Updated by Christian Cawley on 10 July 2017.
You’ve upgraded to Windows 10, or you’re about to. But once you’ve made the change, you want to be certain that you can back up and restore your data quickly and conveniently. System Restore and Factory Reset have been included in Windows 10, and are better than they were in Windows 8.x.
Windows 10 Has a Hidden Recovery Partition
When you open File Explorer, you see all of the disk partitions, right? Well, no. Several disk partitions are hidden, including the recovery partition. While initial versions of Windows 10 relied on the Windows 8 recovery partition (followed by an upgrade to Windows 10), the later operating system now has its own recovery partition.
While you can delete this partition, it isn’t advisable. Sure, deletion, in conjunction with file compression, can save over 6 GB on 64-bit systems running Windows 10, but the recovery partition is pretty vital for getting your PC back up and running following a serious crash. Meanwhile, if you’re using a small capacity Windows 10 device (such as the 64 GB SSD Surface Pro), it’s recommended that you use an SD card or an external storage device. Keep the recovery partition, and store personal data and apps on the secondary storage.
At some point, you’ll probably need the recovery partition, as it is the nearest thing to installation media. However, the reset, refresh, and reset tools should be sufficient to deal with the vast majority of issues, as long as you make the right decision between a system restore and refreshing Windows.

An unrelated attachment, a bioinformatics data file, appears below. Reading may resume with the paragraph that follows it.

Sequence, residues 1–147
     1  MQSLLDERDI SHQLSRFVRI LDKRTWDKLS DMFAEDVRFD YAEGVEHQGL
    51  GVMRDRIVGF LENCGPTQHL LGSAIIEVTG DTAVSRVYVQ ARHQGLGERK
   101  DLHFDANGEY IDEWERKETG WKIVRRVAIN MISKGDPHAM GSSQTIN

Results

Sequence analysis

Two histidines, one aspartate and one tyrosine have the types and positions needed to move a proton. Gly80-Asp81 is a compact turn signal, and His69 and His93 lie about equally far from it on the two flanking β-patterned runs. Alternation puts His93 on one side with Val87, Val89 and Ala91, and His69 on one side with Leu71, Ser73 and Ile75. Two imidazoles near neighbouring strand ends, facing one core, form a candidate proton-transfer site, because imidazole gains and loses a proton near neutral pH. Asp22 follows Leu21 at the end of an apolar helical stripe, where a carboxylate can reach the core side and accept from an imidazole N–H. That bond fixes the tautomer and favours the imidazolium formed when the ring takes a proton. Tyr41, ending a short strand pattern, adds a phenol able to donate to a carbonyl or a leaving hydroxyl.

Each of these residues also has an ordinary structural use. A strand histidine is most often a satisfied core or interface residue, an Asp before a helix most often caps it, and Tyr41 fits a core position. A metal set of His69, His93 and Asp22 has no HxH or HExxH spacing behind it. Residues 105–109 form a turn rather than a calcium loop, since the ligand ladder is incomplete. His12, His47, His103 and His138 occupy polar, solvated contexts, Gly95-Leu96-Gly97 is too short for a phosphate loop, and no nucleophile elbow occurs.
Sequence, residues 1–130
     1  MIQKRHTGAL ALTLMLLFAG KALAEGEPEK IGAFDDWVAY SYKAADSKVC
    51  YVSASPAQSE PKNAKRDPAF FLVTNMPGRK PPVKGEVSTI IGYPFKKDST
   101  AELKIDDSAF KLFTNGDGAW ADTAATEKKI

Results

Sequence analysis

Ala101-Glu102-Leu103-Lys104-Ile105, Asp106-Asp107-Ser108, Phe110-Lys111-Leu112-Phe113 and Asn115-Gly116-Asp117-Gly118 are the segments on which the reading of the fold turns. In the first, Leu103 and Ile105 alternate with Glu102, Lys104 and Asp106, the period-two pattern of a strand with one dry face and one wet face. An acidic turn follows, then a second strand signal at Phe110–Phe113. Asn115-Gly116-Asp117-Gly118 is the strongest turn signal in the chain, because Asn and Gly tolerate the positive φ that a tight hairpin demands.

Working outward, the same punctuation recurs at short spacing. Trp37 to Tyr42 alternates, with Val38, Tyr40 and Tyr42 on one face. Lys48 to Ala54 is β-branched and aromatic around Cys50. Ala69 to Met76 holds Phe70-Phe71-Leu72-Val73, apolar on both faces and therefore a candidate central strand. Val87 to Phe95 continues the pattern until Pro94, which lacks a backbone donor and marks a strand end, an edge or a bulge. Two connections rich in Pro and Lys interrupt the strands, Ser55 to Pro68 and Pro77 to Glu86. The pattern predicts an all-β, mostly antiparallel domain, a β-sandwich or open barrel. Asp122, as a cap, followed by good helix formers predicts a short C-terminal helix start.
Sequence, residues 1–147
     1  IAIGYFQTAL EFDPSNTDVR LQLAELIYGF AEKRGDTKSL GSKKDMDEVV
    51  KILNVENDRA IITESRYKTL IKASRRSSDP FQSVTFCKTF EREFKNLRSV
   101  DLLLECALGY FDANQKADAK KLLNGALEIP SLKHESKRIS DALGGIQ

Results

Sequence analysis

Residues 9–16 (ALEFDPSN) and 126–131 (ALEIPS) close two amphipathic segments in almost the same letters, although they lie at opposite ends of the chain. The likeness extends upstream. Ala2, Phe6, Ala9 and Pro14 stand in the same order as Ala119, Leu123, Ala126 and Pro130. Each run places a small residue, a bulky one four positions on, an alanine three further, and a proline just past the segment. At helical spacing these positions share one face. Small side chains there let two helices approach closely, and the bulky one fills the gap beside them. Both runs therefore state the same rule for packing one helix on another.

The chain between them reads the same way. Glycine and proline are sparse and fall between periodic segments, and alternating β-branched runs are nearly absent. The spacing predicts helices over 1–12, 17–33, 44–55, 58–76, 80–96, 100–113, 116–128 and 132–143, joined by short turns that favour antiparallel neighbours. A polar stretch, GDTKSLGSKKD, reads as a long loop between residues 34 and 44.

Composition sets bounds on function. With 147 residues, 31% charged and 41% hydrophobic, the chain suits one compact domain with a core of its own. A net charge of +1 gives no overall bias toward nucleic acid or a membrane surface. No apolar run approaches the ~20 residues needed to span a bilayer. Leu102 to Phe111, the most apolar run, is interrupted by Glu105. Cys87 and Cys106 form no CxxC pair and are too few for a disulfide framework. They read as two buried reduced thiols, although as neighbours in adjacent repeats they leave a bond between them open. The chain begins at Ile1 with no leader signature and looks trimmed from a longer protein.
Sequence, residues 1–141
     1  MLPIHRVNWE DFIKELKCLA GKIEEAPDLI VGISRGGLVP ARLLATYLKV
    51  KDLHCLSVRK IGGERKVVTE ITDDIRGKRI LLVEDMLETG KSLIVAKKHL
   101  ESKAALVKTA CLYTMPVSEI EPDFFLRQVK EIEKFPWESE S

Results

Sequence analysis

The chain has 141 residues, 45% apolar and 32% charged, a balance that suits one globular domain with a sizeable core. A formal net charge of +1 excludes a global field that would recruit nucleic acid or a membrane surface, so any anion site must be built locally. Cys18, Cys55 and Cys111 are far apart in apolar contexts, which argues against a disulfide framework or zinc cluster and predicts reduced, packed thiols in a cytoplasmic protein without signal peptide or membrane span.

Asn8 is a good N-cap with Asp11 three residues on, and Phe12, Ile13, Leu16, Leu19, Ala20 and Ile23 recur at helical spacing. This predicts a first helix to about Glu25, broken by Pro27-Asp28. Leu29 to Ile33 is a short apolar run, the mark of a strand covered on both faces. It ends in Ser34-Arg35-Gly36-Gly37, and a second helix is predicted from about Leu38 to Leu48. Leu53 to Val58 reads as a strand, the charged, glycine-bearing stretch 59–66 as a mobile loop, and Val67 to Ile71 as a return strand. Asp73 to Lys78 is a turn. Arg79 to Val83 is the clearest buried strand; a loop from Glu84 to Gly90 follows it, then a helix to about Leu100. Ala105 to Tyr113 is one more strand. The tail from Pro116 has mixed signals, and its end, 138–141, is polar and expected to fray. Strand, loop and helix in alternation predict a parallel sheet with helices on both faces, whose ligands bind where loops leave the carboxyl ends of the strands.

Using System Restore in Windows 10
If you’re having problems with Windows 10’s performance, the first thing you should look at is your list of restore points. If one of these coincides with when Windows started to misbehave, then you can use the System Restore tool to reinstate the settings and software that were in place at that time.
Open Start > Settings (or press Windows key + I) and in the search box type create a restore point.
Click the matching result, select the drive you want to use to store your restore point (typically the system drive) and click Configure > Turn on system protection. This action activates the system restore functionality. Click OK to confirm, and in the main window click Create… to create a restore point, and give it a name.
The system protection software will create the restore point, which you can revert to later using the System Restore button. Working through the wizard will restore your previous state. You may need to spend a few moments checking through what will be affected so that you can reinstall software and — hopefully — avoid any apps that caused the problem that prompted you to use System Restore.
Accessing Advanced Startup
But what if you need to roll back to a saved restore point, but cannot boot into Windows 10? The answer comes through Advanced Startup (accessible on a working system through Settings > Recovery). If your PC isn’t booting, you’ll need to access Advanced Startup via your PC manufacturer’s instruction. For instance, on HP computers, this would be by pressing F11 to prompt the System Recovery mode. Choose Repair your computer when Windows Setup launches.
In Advanced Startup, select Troubleshoot > Advanced Options > System Restore, and then work through the wizard to find and apply the restore point.
This makes System Restore the fastest solution; at the same time, however, it is also the least reliable. Unfortunately, System Restore is unable to cope with a Windows installation that has been compromised by malware.
Refresh Windows 10
Was reverting to a restore point not enough to resolve problems with your computer? You may need to refresh your settings. This will revert your system to a state similar to how it was when Windows 10 was brand new.